• Yes, I used Hogan’s book extensively in the late 1980s. I don’t know if anything substantial has been done since then. I must get a copy of the Hogan book. If anyone has a copy I can borrow I would much appreciate it. I am a poor historian who spent his money on philosophy books when he had the money from a university position;when such paying positions were to be had.

        No problem about understanding the distinction between the types of lodges. Remember, you were my wonderful teacher from long ago. I have not forgotten the important details you taught in Australian social history.

        I believe Premier Denham (1911-1915) was a leading member of the Orange Lodge In Queensland.

      • And the next Premier, TJ Ryan, was a member of e Irish Club – there’s a photo of him there.

  4. Thanks for this post Marion and your insightful observations I,e, bikies. It brings to mind some of the wonderful conversations we had about the relationships of the churches to the Freemasons in the 19th century. Lutherans were never in favour and this caused problems for its city members… Social networks in the city is a big topic. A friend has one to do with beer…and that is another topic…

  5. Thanks Stephen. They were very good conversations!

  6. grumpyoldman22

    I was trying to find the membership list for Knights of The Southern Cross. This site. came up among others. In particular I was trying to find if Tony Abbott, the Governor General and Cardinal Pell are or were members.

    • Dr Neville Buch

      I am the historian commissioned on a book for the Queensland Order of the KSC history.

      Let me first indicate that there are important privacy considerations for membership and right channels would need to be taken. However, the Knights have never been coy, after 1962, of recognizing public high officials who were members. The year 1962 was the time the organisation ceased to be officially secret, and in practice it was semi-secret; many astute politicians, journalists, and Church officials knew of the organisation unofficially and knew of a few important Knights. Among them was Vince Gair, the Premier of Queensland (1952–1957).

      Hence, if there has not been a reference in the public record on the individuals mentioned, it would doubtful. I doubt any connection with Peter Cosgrove, at least I have not seen any recognition of the fact, and if it were so, the Knights would have no reason to be backward on the association. It is a probability that George Pell as a Bishop was connected to the Order. It is no secret (after 1962) that the Knights were the “Bishop’s men”. The prime accountability in pastoral and doctrinal matters was to the Bishop, but the Knights held their own organisational chain of command under the apostolate of the laity, that is, the organisational Catholic authority of the Order itself. In the 1990s the Order became a federation between the states, which was a different arrangement to what they had before. These may appear as subtle differences but they are in practice very significant. The obvious issue with Pell — as one must assume this is being looked at with the Royal Commission into Institutional Responses to Child Sexual Abuse in mind — should not be confused with the work and mission of the KSC. One thing I noticed in Pell’s testimony in the last four days, is how much his position was at odds with the laity and the deep concerns they were raising.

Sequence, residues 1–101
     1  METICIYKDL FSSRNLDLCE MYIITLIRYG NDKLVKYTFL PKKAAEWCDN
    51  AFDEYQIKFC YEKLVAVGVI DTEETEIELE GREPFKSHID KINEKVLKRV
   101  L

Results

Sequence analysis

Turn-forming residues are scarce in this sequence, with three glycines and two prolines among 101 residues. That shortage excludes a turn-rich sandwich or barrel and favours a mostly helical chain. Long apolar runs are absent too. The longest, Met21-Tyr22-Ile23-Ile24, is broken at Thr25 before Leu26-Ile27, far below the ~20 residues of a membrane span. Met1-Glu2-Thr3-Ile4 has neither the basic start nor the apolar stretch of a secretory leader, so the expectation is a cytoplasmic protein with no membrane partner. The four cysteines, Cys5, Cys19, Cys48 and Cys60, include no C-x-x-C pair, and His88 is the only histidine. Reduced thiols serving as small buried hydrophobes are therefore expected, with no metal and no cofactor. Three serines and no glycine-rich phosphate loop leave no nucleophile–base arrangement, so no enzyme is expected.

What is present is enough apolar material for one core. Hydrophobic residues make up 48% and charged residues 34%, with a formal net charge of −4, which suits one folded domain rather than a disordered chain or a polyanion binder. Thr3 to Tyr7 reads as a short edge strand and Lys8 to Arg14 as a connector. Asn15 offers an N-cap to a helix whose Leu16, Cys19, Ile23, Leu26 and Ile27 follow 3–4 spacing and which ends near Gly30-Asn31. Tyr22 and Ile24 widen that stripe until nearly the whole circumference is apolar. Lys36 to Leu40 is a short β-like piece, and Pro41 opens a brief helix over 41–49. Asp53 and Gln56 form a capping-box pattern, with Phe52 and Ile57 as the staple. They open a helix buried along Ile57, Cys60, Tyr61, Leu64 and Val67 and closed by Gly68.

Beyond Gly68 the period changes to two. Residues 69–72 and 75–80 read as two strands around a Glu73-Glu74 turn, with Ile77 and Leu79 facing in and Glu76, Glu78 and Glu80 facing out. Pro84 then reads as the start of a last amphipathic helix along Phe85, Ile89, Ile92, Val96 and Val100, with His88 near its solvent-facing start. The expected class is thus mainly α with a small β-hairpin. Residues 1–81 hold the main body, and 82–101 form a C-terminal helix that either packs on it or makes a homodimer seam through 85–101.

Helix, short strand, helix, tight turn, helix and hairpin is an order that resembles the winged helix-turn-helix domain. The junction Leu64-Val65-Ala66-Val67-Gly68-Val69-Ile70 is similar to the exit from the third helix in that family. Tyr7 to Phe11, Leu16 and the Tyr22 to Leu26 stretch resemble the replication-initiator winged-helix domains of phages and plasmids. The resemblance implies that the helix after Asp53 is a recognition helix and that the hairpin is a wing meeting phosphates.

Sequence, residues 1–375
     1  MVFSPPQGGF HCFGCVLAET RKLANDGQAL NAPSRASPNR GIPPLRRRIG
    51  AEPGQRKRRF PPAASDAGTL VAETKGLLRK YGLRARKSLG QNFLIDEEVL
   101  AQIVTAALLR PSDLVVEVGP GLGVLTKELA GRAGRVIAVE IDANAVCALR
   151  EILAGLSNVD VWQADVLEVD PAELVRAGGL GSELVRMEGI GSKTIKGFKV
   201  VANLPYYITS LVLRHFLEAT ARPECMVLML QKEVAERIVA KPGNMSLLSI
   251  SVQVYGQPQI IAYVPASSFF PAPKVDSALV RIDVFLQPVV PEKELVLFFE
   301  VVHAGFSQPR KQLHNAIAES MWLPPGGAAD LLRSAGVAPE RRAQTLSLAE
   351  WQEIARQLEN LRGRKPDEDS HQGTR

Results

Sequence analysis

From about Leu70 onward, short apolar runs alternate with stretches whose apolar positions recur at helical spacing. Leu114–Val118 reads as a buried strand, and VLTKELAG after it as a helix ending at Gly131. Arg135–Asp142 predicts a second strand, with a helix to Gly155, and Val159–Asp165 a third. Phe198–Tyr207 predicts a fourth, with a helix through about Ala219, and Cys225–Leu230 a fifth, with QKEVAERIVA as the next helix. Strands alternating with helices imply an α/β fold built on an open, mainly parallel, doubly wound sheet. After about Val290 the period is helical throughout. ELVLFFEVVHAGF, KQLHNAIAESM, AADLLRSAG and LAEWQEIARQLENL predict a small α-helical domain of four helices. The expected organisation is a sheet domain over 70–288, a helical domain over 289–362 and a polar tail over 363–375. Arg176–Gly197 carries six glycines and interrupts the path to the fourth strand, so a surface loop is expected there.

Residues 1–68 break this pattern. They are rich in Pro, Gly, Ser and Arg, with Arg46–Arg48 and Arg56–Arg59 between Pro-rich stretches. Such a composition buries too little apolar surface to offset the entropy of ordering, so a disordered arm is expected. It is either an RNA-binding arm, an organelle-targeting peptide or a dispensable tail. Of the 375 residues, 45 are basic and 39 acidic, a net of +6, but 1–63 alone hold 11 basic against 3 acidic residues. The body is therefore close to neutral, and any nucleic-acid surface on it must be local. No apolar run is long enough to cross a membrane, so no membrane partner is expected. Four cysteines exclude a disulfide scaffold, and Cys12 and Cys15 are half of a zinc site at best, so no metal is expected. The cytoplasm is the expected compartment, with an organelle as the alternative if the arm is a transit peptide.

As for Tony Abbott, other historians I have talked to connect him with Bob Santamaria, and not the Knights. The history of Knights in the period of the 1950s was of a number of members who were affiliated with both the Order and Santamaria’s anti-ALP, anti-communist, and a militant version of Catholic Action. Both the Order and ‘the Movement’, and allied organisations, arose from Catholic Action. It has had a very long, complex, and somewhat diverse history as a socio-religio-political movement.

      The Order generally and Santamaria’s collection of organisations shared the same worldview, but Knights as Knights were conservative in their Catholic Action, whereas Santamaria was pushing radical interventions. The Knights were probably held back by more politically astute bishops. Santamaria had a greater sense of his power and was willing to be more independent on those who would have wanted to reign him in. Like any large organisations, there were conflicts on policies and actions while sharing common outlooks. Even a number of Santamaria’s officials ended in walking out on him. This was what it was like for the Order.

      From a public point of view, on some issues, the Order’s pronouncements appeared as ultra-conservative, however, looking closely into the organisation one finds moderating views among Knights. The push to overturn the secretive nature of the organisation largely came from Knights themselves. Many knights were pissed off as anyone with certain Knights in command who were abusive in control and militant action (internally and from the knight’s own perspective), all the time being polite and faithful to the mission of the Order. The repercussions for the Queensland Order from the 1957 Queensland ALP Split was the resignation of Felix Dittmer from the Order, and the Order’s refusal to admit him back into the Order. Dittmer was State Deputy Labor leader in 1957, and was Gair’s nemesis. Rather than the Order being some kind of conspiratorial force in the ALP split, it was the other way around — the Order fell victim to political shenanigans of operators in the ALP-QLP fight.